When I joined Amazon in 1998, the company had a single U.S.-based website selling only books and running a monolithic C application on five servers, a handful of Berkeley DBs for key/value data, and a relational database. That database was called "ACB" which stood for "Amazon.Com Books," a name that failed to reflect the range of our ambition. In 2006, acmqueue published a conversation between Jim Gray and Werner Vogels, Amazon's CTO, in which Vogel explained that Amazon should be viewed not just as an online bookstore but as a technology company. In the intervening 14 years, Amazon's distributed systems, and the patterns used to build and operate them, have grown in influence. In this follow-up conversation, Vogel and I pay particular attention to the lessons to be learned from the evolution of a single distributed system--Simple Storage Service (S3)--that was publicly launched close to the time of that 2006 conversation. TOM KILLALEA: In your keynote at the AWS re:Invent conference in December 2019, you said that in March 2006 when it launched, S3 was made up of eight services, and by 2019 it was up to 262 services. As I sat there I thought that's a breathtaking number, and it struck me that very little has been written about how a large-scale, always-on service evolves over a very extended period of time. That is a journey that would be of great interest to our software practitioner community. This is evolution at a scale that is unseen and certainly hasn't been broadly discussed. WERNER VOGELS: I absolutely agree that this is unparalleled scale. Even today, even though there are Internet services these days that have reached incredible scale--I mean look at Zoom, for example [this interview took place over Zoom]--I think S3 is still two or three generations ahead of that. Because we started earlier; it's just a matter of time, and at the same time having a strict feedback loop with your customers that continuously evolves the service. Believe me, when we were designing it, when we were building it, I don't think that anyone anticipated the complexity of it eventually. I think what we did realize is that we would not be running the same architecture six months later, or a year later. So, I think one of the tenets up front was don't lock yourself into your architecture, because two or three orders of magnitude of scale and you will have to rethink it.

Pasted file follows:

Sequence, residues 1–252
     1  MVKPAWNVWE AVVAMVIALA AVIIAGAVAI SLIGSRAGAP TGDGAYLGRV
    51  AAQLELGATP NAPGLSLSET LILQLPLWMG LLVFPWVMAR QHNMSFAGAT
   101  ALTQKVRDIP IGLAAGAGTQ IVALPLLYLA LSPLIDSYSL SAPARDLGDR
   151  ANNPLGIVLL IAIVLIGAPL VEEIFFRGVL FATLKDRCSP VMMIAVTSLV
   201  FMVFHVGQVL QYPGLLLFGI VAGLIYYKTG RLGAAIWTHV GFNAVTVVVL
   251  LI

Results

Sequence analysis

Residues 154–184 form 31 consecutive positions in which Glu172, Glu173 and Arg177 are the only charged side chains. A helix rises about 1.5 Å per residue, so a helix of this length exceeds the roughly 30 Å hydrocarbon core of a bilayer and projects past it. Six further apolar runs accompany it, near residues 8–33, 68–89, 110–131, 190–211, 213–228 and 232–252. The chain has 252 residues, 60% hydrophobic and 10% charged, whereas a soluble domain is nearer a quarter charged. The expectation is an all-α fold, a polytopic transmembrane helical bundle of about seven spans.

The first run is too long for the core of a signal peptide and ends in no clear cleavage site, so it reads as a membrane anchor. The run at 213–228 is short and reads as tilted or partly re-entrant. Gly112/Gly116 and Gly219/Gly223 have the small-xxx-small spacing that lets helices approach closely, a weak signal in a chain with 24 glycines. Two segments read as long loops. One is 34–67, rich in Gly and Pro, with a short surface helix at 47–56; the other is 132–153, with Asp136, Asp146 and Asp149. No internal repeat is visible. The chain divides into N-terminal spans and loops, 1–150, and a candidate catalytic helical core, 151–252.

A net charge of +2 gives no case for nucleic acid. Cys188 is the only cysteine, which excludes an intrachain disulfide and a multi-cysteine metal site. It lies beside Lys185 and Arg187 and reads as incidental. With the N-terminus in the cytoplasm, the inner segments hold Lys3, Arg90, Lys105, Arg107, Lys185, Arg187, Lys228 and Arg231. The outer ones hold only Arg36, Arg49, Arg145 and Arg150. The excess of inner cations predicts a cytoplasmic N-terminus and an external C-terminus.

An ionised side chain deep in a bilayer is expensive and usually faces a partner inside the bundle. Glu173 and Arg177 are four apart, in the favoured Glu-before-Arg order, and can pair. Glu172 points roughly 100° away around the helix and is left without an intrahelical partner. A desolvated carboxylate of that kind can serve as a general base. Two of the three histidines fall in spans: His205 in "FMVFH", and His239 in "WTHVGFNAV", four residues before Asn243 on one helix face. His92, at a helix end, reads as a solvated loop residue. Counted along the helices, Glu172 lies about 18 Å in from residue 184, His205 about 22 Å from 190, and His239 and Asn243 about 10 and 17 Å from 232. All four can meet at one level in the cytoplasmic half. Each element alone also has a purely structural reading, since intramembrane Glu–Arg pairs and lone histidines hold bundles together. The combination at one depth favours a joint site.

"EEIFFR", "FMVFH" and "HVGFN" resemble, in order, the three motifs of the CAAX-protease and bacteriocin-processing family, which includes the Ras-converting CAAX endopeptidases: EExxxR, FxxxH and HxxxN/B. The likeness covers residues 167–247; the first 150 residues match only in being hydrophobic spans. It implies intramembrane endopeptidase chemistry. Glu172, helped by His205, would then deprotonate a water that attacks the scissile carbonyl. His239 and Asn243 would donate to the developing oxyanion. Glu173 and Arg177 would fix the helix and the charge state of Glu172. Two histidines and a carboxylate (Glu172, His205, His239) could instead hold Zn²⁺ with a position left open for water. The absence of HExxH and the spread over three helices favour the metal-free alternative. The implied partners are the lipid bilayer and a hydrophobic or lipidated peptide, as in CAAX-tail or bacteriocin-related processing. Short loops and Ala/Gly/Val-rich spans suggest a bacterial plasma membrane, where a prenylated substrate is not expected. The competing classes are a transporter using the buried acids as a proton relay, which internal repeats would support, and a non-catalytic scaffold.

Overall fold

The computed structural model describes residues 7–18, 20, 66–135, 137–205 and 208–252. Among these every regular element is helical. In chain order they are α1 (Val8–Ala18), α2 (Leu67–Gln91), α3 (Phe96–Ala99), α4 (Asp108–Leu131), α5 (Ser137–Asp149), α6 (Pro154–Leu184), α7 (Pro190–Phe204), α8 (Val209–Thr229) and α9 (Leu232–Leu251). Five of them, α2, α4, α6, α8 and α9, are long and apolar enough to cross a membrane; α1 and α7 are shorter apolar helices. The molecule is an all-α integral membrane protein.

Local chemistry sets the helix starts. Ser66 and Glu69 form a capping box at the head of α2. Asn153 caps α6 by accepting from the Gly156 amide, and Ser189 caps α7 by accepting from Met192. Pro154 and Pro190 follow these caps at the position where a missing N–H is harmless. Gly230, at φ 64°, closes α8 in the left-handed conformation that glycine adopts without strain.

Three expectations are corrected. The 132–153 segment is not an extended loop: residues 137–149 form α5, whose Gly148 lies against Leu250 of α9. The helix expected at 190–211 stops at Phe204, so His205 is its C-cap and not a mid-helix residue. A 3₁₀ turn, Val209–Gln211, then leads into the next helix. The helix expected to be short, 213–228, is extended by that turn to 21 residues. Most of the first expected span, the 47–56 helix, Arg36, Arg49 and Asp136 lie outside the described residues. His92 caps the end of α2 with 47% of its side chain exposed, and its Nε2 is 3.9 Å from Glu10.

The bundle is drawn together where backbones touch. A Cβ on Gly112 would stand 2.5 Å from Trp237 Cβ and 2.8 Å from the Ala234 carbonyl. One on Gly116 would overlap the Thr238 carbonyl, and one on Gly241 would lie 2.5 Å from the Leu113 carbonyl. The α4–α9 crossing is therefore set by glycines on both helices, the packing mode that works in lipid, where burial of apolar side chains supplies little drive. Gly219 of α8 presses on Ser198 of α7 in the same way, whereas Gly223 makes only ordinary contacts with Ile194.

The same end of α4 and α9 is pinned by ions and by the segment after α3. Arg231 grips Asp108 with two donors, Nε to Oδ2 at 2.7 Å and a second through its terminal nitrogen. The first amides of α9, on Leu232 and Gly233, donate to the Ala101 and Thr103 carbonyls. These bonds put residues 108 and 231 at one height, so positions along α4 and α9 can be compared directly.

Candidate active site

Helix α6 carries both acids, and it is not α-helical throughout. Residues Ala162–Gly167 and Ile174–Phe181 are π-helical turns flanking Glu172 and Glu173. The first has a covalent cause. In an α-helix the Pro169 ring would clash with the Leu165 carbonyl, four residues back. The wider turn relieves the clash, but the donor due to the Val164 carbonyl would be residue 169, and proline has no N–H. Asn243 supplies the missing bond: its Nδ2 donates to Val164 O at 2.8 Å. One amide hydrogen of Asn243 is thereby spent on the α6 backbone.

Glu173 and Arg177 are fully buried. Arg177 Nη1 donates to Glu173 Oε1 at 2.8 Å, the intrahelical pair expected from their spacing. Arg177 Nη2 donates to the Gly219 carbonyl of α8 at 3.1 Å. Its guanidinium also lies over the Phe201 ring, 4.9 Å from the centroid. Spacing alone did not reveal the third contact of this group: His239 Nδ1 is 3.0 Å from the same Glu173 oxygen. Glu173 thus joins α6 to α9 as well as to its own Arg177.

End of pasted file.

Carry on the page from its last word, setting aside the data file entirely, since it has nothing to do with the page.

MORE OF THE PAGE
It makes it easier to get correct results and reason about what happens if the machine fails in the middle of processing something. Um, but you do trade off, you know, a little bit of flexibility in, in how you, how you write that versus the low-level read and write. And then one level up from that, uh, I think is, is ksqlDB. So the analogy you can use is, you know, uh, if you've ever used one of these key value interfaces like rocks DB itself, you know, it's kind of very flexible and allowing you to work with data at a low level, um, probably more so than a SQL interface, but it's actually a lot more work for kind of simple stuff, uh, that you might want to do that then using a SQL database.